On a more technical note, including an Italian Jewish voice could have been helpful in some key ways: Most people familiar with the Jewish diaspora in Italy know that the history runs deep, but that the Southern region, where the story is filmed and takes place, is basically empty of Jews. Because the film was adapted from a French setting, some context as to how Madame Rosa ended up in Bari, or at the very least an acknowledgement of her experience as one of the very, very few Jews in the area, might have been significant to include.

But despite all of that, the fact is that Loren’s performance is stirring. Her flashbacks to gestapo raids, and her methodical squirreling away in the safe embrace of her basement surrounded by Jewish relics, feel like plausible episodes of engrained trauma.  This is in large part because of Loren herself: Her turn-on-a-dime emotional range, and her capacity to vacillate from numbness to piercing pain, may be in part due to her own life experience. No, Loren cannot pull from the inherited stress the children of Holocaust survivors and victims experience. She did not grow up with the stories, the family trees full of holes earned through mass murder, nor does she endure the sting of antisemitism. But Loren can pull from her own pain, loss, inherited suffering, and compassion.

In an interview with CBS News, Loren says, “That’s why I made the film – she [Madame Rosa] reminded me a lot about my mother. My mother was absolutely like that. Inside she was very fragile, but she looked strong.” The daughter of a single, unmarried mother on the outskirts of Naples in a time and place when such a thing was seen as an extreme taboo, Loren grew up struggling on the fringe of society.

And maybe that’s the point of the film. Its three main characters, a Holocaust survivor, a Senegalese orphan, and a Spanish transgender woman seeking acceptance from her family, together share a common quest: to feel okay again.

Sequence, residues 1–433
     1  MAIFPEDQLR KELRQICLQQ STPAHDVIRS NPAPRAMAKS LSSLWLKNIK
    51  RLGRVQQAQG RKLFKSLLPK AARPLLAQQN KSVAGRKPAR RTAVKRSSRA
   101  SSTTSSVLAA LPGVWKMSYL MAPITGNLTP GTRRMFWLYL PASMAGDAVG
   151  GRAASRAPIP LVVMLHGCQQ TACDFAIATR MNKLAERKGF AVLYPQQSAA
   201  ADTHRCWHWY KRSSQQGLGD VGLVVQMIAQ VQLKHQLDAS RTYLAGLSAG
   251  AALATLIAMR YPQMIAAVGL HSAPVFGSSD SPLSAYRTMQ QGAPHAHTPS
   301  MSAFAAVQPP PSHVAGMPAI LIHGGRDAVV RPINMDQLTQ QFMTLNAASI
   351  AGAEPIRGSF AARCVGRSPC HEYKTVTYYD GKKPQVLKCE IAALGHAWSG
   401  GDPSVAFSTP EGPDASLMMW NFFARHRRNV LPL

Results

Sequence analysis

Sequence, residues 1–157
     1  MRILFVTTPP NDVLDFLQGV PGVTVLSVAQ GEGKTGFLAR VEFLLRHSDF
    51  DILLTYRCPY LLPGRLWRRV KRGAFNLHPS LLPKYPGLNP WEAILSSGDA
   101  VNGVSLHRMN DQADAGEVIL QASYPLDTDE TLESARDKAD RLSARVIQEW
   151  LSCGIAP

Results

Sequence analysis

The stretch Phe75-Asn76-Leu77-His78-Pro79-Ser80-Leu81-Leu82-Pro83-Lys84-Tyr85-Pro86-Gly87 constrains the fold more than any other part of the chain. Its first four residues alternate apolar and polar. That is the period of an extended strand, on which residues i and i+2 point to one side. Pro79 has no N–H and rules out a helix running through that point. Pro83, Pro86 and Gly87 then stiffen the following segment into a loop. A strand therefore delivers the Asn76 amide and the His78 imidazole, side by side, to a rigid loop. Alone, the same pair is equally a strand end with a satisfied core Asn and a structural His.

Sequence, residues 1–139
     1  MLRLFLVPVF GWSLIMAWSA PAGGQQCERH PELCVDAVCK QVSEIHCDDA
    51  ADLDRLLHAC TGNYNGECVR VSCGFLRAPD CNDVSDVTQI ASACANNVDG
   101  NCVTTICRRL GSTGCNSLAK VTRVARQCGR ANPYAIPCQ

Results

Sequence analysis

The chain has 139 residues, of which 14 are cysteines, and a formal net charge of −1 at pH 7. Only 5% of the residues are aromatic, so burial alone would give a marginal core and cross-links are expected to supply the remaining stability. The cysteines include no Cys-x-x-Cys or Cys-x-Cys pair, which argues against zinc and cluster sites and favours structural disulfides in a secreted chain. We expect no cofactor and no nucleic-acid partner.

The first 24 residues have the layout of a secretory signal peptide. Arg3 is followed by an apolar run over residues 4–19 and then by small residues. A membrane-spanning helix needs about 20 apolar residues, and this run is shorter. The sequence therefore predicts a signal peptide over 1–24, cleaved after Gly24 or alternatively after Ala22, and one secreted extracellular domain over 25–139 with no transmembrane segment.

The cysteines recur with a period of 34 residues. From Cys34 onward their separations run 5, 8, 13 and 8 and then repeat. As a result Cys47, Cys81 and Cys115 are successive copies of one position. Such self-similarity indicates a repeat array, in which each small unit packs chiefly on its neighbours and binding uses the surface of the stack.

It is important never to lose sight of the scope and unique evil of the mechanized mass murder of the Holocaust, nor minimize the authority of those who experienced that evil firsthand. But perhaps equally important is to show how the pathos of the Holocaust can be internalized by those who do not have that personal connection to it. How as human beings — and especially as artists — we are able to supersede the material label of tribal belonging, allowing empathy to uncover the spiritual crux of the trauma. That is what art, and art alone, can ideally do.

Even if the film lacks Jewish oversight (and even if it falls into some clichés that have already been aired in several critques of the film), The Life Ahead does succeed as a certain type of 21st century Holocaust film. The parallel stories of three tortured souls, of various ages, religious, cultural, and sexual backgrounds, illustrate that the depth of human frailty is both limitless and timeless, as are our attempts to manage, subdue, and ultimately endure the pain caused by it. Perhaps more than ever, this is the survivor film our fractured and suffering society most needs.

Allegra Marino Shmulevsky

Allegra Marino Shmulevsky (she/ her) is an adjunct lecturer of English at Pratt Institute in Brooklyn, NY who enjoys learning, teaching, and writing about Jewish spirituality and mindfulness, as well as making and selling jewelry with her oldest son. She is raising a brood of adorable pizzabagel babies alongside her husband in West Orange, NJ.